Ideas are intangible, delicate and effervescent. They can come to us with a seemingly sudden flash of inspiration, or they can hover on the edge of our awareness, teasingly out of reach.
“The idea hovered and shimmered delicately, like a soap bubble, and she dared not even look at it directly in case it burst. But she was familiar with the way of ideas, and she let it shimmer, looking away, thinking about something else.” – Philip Pullman, The Golden Compass
Understanding that ideas can come to us in many ways, often unformed, and sometimes difficult to fully understand, here are a few tips I’ve learned to help me hold onto those especially effervescent ideas.
#1. Write everything down:
For me, this actually means EVERYTHING. I’ve found in the past that I have been quick to judge, and dismiss ideas, if they come to me in pieces, or perhaps unattached to anything I’m currently working on. This has been a mistake, because these pieces are often connections to other ideas, or the first tiny spark of a new project. Now, anytime something interesting or unique comes to mind, I write it down, and I have a delightful little cache of random idea bubbles. I often use them now as prompts in my writing, if I find myself stuck somewhere.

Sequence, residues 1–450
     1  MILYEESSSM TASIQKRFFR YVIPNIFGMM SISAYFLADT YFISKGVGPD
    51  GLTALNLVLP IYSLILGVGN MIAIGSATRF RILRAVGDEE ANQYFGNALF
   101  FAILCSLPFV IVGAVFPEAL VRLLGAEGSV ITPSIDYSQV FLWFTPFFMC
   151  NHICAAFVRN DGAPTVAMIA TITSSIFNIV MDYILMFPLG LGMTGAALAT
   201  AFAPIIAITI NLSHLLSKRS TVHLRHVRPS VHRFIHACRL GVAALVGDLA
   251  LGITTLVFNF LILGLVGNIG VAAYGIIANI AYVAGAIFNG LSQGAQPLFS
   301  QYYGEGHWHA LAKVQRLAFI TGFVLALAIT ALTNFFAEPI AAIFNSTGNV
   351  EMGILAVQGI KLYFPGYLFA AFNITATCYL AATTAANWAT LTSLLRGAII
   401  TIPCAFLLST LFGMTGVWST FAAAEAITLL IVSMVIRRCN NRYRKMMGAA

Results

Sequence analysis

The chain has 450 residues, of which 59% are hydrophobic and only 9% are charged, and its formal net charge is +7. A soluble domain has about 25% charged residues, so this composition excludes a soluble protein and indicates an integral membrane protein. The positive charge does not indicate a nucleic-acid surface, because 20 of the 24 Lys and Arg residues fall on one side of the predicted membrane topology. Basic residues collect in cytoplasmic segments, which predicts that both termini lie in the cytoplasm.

#2. Refrain from judgement:
This leads me beautifully into my second point, which is that those snap judgements we tend to make (about EVERYTHING), can be especially damaging to idea creation. In the same way that I don’t edit while I write, I have learned not to make judgements about my initial ideas. If I cast any kind of aspersions on my delicate idea bubble, it is quite likely to *pop*, and disappear forever. This makes it harder to capture, and cultivate the next idea bubble that comes along. Judging ideas can be a difficult habit to break, which is why I love the Philip Pullman quote above. Just let the idea sit, and perhaps stew for a bit at the edge of your mind, and perhaps it will grow brighter, and stronger and mean something more to you.
#3. Inspect from all angles:
The reason that some ideas seem odd to us initially, can often be because of the perspective from which we’re viewing the idea. If at first, your initial idea, or small piece of idea, seems strange, or doesn’t seem to fit anywhere, try holding the idea away from you, turning it upside down, inside out, or in a completely different place than the way in which you originally conceived it. The ability to observe from a different perspective is an essential writer skill, and it will help you to fully value an idea, even if at first glance it seems peculiar.
Do you think of your ideas as bubbles? How do you hold onto those fleeting little bubbles, and turn them into something delicious? Tell me in the comments!
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